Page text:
Attorney General Jeff Sessions will appear before the House Judiciary Committee next Tuesday to explain why he failed to previously disclose former Trump campaign staffer George Papadopoulos’ offer to use his contacts to set up a meeting between Russian President Vladimir Putin and then-candidate Donald Trump in March 2016, according to court documents.
Sessions, an Alabama senator (R), previously told lawmakers that he was “not aware of any of those activities” of contacts between Russian officials and Trump campaign surrogates.
Papadopoulos pleaded guilty to lying to FBI agents about contacts with Russians, according to court documents unsealed last week.
According to the documents, Papadopoulos said at a March 31, 2016, meeting of Trump foreign policy advisers “that he had connections that could help arrange a meeting between then-candidate Trump and President Putin.”
Both Sessions and Trump attended that meeting, according to a photo posted on Trump’s Instagram account.
Senate Democrats last week demanded that Sessions be recalled to testify on the Trump campaign’s Russia contacts after the Papadopoulos disclosure.
Sen. Al Franken issued a scathing letter on Thursday demanding truthful answers from US Attorney General Jeff Sessions after the new revelation.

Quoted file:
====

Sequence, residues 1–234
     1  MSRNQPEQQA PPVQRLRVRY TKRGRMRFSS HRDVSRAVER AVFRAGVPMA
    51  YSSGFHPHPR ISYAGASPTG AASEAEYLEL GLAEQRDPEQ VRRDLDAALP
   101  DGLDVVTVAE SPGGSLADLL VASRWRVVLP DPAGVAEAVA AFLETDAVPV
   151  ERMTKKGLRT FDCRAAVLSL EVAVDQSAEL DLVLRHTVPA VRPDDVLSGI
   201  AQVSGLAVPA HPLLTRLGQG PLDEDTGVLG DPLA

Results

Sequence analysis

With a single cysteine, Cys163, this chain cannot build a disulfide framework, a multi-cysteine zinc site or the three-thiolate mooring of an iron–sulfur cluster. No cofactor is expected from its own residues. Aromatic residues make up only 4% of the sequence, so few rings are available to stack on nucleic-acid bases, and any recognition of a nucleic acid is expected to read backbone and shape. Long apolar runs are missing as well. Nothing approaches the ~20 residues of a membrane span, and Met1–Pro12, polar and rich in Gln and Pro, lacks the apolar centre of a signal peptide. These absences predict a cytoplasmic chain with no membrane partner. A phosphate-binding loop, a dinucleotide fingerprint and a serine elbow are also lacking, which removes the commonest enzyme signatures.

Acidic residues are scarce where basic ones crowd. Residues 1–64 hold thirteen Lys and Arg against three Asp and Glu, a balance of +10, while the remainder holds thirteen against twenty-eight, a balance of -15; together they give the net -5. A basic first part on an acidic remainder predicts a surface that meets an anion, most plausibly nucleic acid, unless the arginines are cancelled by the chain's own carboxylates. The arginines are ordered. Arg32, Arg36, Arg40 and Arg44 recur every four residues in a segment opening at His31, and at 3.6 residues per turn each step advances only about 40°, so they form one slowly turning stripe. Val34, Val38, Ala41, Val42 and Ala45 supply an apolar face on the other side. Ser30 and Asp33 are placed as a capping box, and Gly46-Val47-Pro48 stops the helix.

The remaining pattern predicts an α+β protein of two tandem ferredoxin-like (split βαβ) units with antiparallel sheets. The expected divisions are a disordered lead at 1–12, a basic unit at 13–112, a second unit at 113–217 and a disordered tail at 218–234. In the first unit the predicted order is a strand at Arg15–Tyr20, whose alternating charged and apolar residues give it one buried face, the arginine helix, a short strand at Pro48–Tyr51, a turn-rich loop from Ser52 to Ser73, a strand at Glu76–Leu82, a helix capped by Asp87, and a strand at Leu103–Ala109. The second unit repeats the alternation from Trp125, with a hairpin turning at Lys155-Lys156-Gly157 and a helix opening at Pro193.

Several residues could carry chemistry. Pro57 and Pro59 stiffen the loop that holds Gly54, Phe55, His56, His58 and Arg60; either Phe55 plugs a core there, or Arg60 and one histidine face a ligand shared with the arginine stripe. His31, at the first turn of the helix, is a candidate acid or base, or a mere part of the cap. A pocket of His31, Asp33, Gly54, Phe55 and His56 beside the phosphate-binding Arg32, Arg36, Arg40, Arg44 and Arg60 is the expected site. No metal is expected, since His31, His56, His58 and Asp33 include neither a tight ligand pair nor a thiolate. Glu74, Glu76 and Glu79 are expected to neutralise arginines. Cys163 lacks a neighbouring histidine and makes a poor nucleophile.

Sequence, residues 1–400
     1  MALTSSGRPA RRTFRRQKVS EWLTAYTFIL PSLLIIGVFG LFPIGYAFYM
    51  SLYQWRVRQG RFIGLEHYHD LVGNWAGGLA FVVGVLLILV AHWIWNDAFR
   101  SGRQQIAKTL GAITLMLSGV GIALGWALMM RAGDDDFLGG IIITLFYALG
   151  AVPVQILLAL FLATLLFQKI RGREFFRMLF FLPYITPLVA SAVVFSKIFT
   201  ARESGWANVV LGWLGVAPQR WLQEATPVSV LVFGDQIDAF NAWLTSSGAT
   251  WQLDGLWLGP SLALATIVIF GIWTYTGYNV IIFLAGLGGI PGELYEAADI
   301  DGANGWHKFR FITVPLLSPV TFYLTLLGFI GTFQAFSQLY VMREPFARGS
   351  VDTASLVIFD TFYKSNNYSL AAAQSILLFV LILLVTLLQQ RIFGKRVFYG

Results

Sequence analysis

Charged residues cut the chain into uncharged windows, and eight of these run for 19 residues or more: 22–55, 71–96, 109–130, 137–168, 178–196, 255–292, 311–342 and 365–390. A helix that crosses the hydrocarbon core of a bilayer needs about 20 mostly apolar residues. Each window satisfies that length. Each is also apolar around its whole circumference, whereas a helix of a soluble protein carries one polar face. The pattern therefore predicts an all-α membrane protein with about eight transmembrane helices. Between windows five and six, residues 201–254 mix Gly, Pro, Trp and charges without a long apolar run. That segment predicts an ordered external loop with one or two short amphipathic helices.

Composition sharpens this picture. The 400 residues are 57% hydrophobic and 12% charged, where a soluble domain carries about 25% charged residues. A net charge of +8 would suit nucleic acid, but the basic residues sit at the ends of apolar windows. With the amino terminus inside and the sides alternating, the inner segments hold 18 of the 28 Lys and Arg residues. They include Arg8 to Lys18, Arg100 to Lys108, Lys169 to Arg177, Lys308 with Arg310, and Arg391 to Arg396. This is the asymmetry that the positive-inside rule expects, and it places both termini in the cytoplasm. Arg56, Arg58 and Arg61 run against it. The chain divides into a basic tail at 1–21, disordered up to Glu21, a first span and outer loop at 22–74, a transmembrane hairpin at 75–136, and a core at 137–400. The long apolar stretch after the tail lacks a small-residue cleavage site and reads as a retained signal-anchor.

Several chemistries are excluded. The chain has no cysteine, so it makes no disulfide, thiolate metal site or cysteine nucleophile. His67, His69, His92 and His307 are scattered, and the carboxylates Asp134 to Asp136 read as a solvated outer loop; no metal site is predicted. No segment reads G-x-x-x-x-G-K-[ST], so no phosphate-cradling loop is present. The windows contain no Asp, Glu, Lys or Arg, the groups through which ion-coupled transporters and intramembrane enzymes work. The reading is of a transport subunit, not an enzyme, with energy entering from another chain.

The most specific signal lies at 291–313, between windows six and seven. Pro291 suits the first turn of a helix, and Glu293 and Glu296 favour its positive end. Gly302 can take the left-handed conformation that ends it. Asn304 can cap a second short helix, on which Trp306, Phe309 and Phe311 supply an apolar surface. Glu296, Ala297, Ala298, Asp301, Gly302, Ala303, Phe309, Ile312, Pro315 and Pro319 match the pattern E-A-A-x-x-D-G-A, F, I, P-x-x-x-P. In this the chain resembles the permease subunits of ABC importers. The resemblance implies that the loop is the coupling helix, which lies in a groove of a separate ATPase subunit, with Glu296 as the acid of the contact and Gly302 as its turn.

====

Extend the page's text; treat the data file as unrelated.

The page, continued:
“This newest revelation strongly suggests that the Senate—and the American public—cannot trust your word,” Franken wrote.
“Once again, developments in the ongoing investigation into Russian interference in the 2016 election have brought to light evidence that you failed to tell the truth about your interactions with Russian operatives during the campaign, as well as your awareness of Russian contacts by other members of the Trump campaign team,” Franken wrote.
He called it “another example in an alarming pattern” in which Sessions “apparently failed to tell the truth, under oath, about the Trump team’s contacts with agents of Russia—a hostile foreign power that interfered in the 2016 election.”
He needs to return to Senate Judiciary Committee and explain himself. My letter to him: https://t.co/cWkvzodq1S
— Sen. Al Franken (@SenFranken) November 2, 2017
“We must get to the bottom of what happened so that we can prevent it from happening again,” Franken wrote. “I am deeply troubled that this newest revelation strongly suggests that the Senate—and the American public—cannot trust your word.”